Except the statement characteristic function is replaced by m.g.f., because I thought they are same in probability.

Since no textbook on my hands mentioned characteristic function, it's my mistake to change the term.

Mgfs and characteristic functions are not the same. For a real random variable ##X## the mgf is ##\phi(k) = E \exp(kX)## while the characteristic function is ##\chi(k) = E \exp(i k X)##. In other words, for real ##k## we have ##\chi(k) = \phi(i k)##; here, ##i = \sqrt{-1}##, not a summation index.

sanctifier said:
$\varphi^{(n)} (0) = \begin{cases} 0 & n \;\; is \;\; odd \\ (-1)^{g(n)} \sum_{r=0}^{ \infty }a_r r^n & n \;\; is \;\; even \end{cases}$

Is this correct?
Having sorted out the confusion between m.g.f and characteristic function, what does the above change to?
2. In terms of the p.d.f. (pr).

$E[x^n] = \sum_{x=0}^{ \infty }x^np(x)$
You mean
$E[X^n] = \sum_{x=0}^{ \infty }x^np(x)$
I said to be careful about the index range here!
What is E[X], as determined by the characteristic function? What does that suggest about the range of x values?

haruspex said:
Having sorted out the confusion between m.g.f and characteristic function, what does the above change to?

$\varphi^{(n)} (t) = \begin{cases} -i \sum_{r=0}^{ \infty }a_r r^n sin(irt) & n \;\; is \;\; odd \\ \sum_{r=0}^{ \infty }a_r r^n cos(irt) & n \;\; is \;\; even \end{cases}$

$\varphi^{(n)} (0) = \begin{cases} 0 & n \;\; is \;\; odd \\ \sum_{r=0}^{ \infty }a_r r^n & n \;\; is \;\; even \end{cases}$

haruspex said:
You mean
$E[X^n] = \sum_{x=0}^{ \infty }x^np(x)$
I said to be careful about the index range here!
What is E[X], as determined by the characteristic function? What does that suggest about the range of x values?

Since $E(X) = \varphi' (0) = 0$, X should have a symmetric distribution?

Hence $X \in (- \infty ,+ \infty )$, then $p(x) = \frac{a_{|x|}}{2}$

Is this correct?

sanctifier said:
$\varphi^{(n)} (t) = \begin{cases} -i \sum_{r=0}^{ \infty }a_r r^n sin(irt) & n \;\; is \;\; odd \\ \sum_{r=0}^{ \infty }a_r r^n cos(irt) & n \;\; is \;\; even \end{cases}$

$\varphi^{(n)} (0) = \begin{cases} 0 & n \;\; is \;\; odd \\ \sum_{r=0}^{ \infty }a_r r^n & n \;\; is \;\; even \end{cases}$

Since $E(X) = \varphi' (0) = 0$, X should have a symmetric distribution?

Hence $X \in (- \infty ,+ \infty )$, then $p(x) = \frac{a_{|x|}}{2}$

Is this correct?

Are you saying ##P(X=0) = a_0##, ##P( X = 1) = P(X = -1) = \frac{1}{2}a_1 ##, ##P(X = 2) = P(X = -2) = \frac{1}{2} a_2,## etc? That would be a correct way of saying it.

1 person
Yes, that is exactly what I mean!

Thank you so much, Ray!

And I still don't know how to prove a function is a characteristic function? Can you tell me how to do that?

sanctifier said:
Yes, that is exactly what I mean!

Thank you so much, Ray!

And I still don't know how to prove a function is a characteristic function? Can you tell me how to do that?

Basically, there is nothing to prove. You have constructed a random variable ##X##, and its characteristic function is the function you were given. End of story.

A loop arises and I didn't notice it.

Last edited:

## What is an m.g.f. and why is it important in probability?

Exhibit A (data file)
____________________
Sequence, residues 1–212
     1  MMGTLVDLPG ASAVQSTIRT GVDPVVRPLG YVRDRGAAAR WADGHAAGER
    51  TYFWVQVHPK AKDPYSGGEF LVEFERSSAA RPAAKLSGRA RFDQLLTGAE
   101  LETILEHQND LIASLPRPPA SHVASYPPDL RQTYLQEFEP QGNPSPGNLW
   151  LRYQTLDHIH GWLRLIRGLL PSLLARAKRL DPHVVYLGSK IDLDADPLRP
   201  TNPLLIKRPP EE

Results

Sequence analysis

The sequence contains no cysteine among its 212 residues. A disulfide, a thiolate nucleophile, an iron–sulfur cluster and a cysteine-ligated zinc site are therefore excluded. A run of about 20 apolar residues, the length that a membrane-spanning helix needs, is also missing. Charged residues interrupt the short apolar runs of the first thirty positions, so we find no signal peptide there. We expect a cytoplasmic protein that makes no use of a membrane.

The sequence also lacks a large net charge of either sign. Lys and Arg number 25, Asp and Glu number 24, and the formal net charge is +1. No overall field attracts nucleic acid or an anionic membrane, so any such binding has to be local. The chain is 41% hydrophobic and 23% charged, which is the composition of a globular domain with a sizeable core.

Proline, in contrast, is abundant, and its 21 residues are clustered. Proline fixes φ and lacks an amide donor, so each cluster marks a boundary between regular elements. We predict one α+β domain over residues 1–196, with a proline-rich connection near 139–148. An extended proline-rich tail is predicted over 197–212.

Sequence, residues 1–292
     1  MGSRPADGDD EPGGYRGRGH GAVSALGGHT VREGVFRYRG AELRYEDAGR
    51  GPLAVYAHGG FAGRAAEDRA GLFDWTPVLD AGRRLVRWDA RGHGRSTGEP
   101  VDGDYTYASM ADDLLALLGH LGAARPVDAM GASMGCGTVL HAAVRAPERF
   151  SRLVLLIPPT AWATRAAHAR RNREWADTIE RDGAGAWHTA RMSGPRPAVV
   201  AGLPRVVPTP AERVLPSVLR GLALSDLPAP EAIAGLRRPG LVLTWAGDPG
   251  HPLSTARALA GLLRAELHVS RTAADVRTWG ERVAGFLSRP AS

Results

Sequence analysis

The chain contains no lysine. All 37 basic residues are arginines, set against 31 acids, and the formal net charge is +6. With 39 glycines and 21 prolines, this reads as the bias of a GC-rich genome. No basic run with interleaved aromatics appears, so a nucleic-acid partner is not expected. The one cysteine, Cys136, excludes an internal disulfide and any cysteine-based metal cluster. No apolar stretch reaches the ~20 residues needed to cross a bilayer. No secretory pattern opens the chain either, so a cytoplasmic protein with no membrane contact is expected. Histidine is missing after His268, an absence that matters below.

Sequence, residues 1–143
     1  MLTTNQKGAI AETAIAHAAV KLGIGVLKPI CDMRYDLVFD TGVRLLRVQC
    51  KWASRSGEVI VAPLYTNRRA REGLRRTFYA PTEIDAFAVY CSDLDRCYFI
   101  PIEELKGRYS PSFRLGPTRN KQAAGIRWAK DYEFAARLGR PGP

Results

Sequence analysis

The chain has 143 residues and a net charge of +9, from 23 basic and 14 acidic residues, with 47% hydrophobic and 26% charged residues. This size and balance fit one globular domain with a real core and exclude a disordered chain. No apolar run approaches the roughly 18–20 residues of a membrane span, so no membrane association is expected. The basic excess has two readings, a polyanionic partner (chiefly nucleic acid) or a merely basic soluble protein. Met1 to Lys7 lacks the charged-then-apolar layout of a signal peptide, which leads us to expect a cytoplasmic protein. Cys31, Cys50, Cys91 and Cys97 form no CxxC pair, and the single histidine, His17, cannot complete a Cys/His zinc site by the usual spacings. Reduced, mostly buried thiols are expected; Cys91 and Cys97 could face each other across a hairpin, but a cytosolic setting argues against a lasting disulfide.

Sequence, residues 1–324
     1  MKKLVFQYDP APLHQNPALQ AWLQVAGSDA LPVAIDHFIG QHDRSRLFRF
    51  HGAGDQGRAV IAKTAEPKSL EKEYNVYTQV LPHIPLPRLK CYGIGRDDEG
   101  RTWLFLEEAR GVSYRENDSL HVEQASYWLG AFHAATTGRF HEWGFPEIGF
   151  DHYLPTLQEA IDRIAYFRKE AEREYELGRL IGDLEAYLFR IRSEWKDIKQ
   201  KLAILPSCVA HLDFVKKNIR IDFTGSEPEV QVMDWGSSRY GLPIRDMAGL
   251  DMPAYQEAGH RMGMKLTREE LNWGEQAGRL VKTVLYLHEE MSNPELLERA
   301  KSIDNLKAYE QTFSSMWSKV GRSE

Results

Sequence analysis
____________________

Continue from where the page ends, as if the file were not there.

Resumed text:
An m.g.f. (moment generating function) is a mathematical function that is used to represent the probability distribution of a random variable. It is important in probability because it allows us to calculate the moments (mean, variance, etc.) of a distribution and make predictions about the behavior of random variables.

## How do you prove that a function is an m.g.f.?

To prove that a function is an m.g.f., you must show that it satisfies three properties: 1) the function exists for all values of t, 2) the function is continuous at t=0, and 3) the function is non-negative for all values of t. If a function satisfies these three properties, it can be considered an m.g.f.

## What are some common examples of m.g.f.s?

Some common examples of m.g.f.s include the normal distribution, binomial distribution, and Poisson distribution. Each of these distributions has its own specific m.g.f. that can be used to calculate the moments of the distribution.

## How is an m.g.f. different from a probability distribution function?

An m.g.f. is a mathematical function that represents the probability distribution of a random variable, while a probability distribution function is a function that directly gives the probability of a specific value occurring in a distribution. Essentially, an m.g.f. is a representation of a probability distribution, while a probability distribution function is a tool used to calculate probabilities.

## What are some practical applications of understanding m.g.f.s?

Understanding m.g.f.s can be useful in several practical applications, such as risk management, finance, and insurance. For example, in risk management, m.g.f.s can be used to calculate the expected value of a portfolio of assets and assess the potential risks involved. In finance, m.g.f.s can be used to model stock prices and calculate the probabilities of different outcomes. In insurance, m.g.f.s can be used to determine premiums and assess the risks associated with insuring certain events or individuals.

• Calculus and Beyond Homework Help
Replies
6
Views
510
• Calculus and Beyond Homework Help
Replies
3
Views
364
• Calculus and Beyond Homework Help
Replies
1
Views
634
• Topology and Analysis
Replies
11
Views
342
• Calculus and Beyond Homework Help
Replies
5
Views
1K
• Calculus and Beyond Homework Help
Replies
8
Views
447
• Calculus and Beyond Homework Help
Replies
8
Views
473
• Calculus and Beyond Homework Help
Replies
14
Views
709
• Calculus and Beyond Homework Help
Replies
13
Views
2K
• Calculus and Beyond Homework Help
Replies
1
Views
1K